Apollo 17 astronaut Gene Cernan collected the lunar soil sample on the moon in 1972. Astronaut Gene Cernan is the last man to walk on the Moon to date.
Once on Earth, the vacuum-sealed sample was then placed in a vacuum chamber. The sample container has sat undisturbed until now.
Now, scientists from the European Space Agency (ESA) are gearing up to open that container of the moon soil after 50 years. Scientists hope to find loosely bound gases, such as hydrogen, helium, and noble gases in this core sample.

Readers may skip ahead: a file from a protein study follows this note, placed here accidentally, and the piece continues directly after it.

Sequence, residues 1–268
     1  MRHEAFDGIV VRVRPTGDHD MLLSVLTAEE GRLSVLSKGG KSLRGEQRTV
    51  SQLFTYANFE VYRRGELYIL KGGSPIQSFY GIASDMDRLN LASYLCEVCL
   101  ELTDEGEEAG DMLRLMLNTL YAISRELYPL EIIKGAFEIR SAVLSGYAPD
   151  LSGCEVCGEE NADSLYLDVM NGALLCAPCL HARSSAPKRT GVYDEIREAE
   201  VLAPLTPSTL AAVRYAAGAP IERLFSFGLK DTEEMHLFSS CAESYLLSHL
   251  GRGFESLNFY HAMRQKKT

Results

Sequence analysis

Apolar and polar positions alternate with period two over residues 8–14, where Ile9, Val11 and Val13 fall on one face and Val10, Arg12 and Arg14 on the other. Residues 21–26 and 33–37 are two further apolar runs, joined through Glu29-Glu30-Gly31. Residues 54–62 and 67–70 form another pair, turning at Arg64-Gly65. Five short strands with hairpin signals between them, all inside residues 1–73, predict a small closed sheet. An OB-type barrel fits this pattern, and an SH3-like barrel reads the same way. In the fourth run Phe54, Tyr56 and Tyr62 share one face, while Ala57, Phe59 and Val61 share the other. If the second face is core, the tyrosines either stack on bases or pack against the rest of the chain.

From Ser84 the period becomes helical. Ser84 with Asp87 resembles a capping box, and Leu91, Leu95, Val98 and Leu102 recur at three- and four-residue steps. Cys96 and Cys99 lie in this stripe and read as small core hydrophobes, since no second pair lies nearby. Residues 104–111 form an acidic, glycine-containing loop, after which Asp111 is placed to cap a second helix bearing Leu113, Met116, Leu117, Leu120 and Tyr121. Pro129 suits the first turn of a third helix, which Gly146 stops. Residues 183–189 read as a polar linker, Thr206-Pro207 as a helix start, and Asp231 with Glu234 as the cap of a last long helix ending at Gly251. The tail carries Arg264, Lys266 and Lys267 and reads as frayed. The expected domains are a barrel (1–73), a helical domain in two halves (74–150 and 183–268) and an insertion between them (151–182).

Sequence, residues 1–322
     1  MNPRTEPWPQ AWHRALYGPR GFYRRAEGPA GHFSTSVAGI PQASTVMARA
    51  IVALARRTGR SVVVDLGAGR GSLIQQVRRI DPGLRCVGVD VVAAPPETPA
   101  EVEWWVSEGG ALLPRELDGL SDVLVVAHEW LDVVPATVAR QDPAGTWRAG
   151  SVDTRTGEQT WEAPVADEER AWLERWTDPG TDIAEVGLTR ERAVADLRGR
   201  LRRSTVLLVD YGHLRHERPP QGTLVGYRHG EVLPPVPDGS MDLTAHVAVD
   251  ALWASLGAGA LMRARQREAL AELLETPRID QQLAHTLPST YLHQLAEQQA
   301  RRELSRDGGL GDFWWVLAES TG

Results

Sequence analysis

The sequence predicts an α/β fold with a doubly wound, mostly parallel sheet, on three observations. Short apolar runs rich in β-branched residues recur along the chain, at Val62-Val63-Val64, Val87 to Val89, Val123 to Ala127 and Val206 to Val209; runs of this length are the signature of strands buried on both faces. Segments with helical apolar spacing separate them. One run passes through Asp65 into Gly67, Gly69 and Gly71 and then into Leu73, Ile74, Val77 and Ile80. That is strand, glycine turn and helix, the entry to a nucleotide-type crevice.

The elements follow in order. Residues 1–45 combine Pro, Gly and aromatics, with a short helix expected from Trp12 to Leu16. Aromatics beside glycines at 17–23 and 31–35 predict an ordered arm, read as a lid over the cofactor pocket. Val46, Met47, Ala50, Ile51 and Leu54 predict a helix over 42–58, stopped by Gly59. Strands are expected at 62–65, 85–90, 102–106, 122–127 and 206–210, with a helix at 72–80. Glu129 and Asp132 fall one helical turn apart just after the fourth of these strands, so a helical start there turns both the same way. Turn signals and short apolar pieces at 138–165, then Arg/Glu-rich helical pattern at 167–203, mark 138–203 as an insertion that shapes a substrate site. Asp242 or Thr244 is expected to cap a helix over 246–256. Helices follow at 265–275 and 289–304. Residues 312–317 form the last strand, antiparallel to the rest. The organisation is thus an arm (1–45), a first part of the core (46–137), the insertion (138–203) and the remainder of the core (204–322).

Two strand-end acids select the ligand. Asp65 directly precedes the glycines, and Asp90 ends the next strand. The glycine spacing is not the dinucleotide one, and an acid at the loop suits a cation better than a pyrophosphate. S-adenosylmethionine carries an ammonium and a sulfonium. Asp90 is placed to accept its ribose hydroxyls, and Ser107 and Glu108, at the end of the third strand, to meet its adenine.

Scientists from the European Space Agency (ESA) are using the special piercing tool to access the gases preserved in the sample.
The ESA’s piercing tool is jokingly called the “Apollo can opener” among scientists
The specially designed tool will puncture the moon sample container and help capture trapped gases as they escape.
Preserved over half a century, these gas samples will then be sent to laboratories around the world for analysis.
Francesca McDonald, science and project lead at ESA’s contribution to ANGSA. Says “Each gas component that is analyzed can help to tell a different part of the story about the origin and evolution of volatiles [elements and compounds that can be readily vaporized] on the Moon and within the early Solar System,”